Thursday, 3 April 2008

Busy doing nothing ...

One of the random books listed in "My Library" in the sidebar is "The Tao of Pooh". The final chapter is about the value of doing nothing, which is a wonderful antidote to the Protestant Work Ethic we labour under, especially in this month of Parochial Church Council Annual Meetings (of which there are 11 in this Benefice!).

"In the forty-eighth chapter of the Tao Te Ching, Lao-tse wrote, "To attain knowledge, add things every day. To attain wisdom, remove things every day." Chuang-tse described the principle in his own humourous way:

"I am learning," Yen Hui said.
"How?" the Master asked.
"I forgot the rules of Righteousness and the levels of Benevolence," he replied.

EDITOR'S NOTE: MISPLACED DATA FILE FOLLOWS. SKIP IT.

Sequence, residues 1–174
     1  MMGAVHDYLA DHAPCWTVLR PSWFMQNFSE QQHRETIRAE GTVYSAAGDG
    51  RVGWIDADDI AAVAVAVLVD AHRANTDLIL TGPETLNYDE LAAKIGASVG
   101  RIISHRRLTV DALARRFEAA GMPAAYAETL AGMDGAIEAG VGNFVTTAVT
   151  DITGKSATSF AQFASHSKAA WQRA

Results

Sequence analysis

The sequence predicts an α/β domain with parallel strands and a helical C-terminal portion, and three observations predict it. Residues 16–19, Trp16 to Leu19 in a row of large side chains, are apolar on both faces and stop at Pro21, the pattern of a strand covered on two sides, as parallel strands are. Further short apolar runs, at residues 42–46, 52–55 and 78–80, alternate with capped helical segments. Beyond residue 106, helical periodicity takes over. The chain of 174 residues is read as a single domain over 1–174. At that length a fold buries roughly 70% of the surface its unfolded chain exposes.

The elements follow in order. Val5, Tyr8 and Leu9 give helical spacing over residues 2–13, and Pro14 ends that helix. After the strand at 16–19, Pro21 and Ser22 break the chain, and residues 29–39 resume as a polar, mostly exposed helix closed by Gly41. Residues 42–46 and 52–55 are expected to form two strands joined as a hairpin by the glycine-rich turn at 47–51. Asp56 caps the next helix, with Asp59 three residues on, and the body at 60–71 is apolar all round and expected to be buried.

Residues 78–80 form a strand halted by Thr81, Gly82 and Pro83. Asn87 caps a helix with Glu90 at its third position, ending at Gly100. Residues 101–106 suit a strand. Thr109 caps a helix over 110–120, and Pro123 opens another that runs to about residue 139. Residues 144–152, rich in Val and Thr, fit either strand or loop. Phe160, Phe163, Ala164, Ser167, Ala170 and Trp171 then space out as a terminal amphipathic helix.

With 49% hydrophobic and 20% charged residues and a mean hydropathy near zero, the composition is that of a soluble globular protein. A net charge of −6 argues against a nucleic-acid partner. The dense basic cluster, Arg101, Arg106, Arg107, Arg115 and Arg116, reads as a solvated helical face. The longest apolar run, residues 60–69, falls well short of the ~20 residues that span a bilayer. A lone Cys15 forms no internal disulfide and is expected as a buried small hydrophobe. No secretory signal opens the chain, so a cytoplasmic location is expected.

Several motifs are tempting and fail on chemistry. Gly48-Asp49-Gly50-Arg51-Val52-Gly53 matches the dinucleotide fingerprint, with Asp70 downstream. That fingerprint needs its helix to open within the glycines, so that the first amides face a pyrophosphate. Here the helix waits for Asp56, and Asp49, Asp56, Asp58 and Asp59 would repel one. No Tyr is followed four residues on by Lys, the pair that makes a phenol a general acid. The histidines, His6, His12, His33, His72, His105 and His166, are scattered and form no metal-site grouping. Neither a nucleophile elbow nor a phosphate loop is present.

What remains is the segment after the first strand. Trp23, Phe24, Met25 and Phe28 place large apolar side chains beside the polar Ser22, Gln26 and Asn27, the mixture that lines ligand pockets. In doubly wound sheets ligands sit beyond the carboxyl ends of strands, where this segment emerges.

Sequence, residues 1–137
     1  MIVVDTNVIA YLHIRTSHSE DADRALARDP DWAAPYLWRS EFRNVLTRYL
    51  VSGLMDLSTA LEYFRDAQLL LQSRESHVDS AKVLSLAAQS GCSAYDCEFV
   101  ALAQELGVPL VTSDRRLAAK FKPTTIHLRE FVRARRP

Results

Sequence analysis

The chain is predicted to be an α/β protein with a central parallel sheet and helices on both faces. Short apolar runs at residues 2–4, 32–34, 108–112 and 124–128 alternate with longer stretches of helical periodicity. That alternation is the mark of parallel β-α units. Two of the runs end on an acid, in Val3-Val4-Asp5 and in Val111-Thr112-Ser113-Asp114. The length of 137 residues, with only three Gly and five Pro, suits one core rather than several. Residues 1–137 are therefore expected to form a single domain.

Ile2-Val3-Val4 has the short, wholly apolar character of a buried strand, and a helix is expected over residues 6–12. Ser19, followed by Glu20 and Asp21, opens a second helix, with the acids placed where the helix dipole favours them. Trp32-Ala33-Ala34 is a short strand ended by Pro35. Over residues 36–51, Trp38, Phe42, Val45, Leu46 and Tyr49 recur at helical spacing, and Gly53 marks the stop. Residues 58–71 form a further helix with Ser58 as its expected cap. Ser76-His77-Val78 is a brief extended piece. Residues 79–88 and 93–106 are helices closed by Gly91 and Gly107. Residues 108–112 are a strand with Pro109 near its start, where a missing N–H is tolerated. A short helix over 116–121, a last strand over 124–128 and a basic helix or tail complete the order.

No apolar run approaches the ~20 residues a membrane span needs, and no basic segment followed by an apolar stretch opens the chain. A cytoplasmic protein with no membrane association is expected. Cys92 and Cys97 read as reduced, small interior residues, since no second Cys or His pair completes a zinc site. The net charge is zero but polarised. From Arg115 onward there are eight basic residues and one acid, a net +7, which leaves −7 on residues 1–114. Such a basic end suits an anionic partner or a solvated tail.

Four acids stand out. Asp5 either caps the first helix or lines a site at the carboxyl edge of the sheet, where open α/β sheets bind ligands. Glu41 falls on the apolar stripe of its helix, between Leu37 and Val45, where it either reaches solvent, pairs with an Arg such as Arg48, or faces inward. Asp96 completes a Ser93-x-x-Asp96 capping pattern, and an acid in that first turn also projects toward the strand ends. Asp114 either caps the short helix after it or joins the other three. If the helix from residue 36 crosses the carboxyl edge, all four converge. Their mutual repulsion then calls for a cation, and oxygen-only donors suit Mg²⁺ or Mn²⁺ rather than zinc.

"Good, but could be better," the Master said.

A few days later, Yen Hui remarked, "I am making progress."
"How?" the Master asked.
"I forgot the Rituals and the Music," he answered.
"Better, but not perfect," the Master said.

Some time later, Yen Hui told the Master, "Now I sit down and forget everything."
The Master looked up, startled. "What do you mean, you forget everything?" he asked.
"I forget my body and senses, and leave all appearance and information behind," answered Yen Hui. "I am in the middle of Nothing, I join the Source of All Things."
The Master bowed. "You have transcended the limitations of time and knowledge. I am far behind you. You have found the Way!"

As the book says, "An Empty sort of mind is valuable for finding things because it can see what's in front of it. An Overstuffed mind is unable to. While the Clear mind listens to a bird singing, the Stuffed-Full-of-Knowledge-and-Cleverness mind wonders what kind of bird is singing. The more Stuffed Up it is, the less it can hear through its own ears and see through its own eyes."

The sun is shining - I've written the Sunday sermon, sorted out the music, and there's a clear page in the Diary (until this evening). It's a beautiful Spring day - time to wander out into the garden and listen to the birdsong ......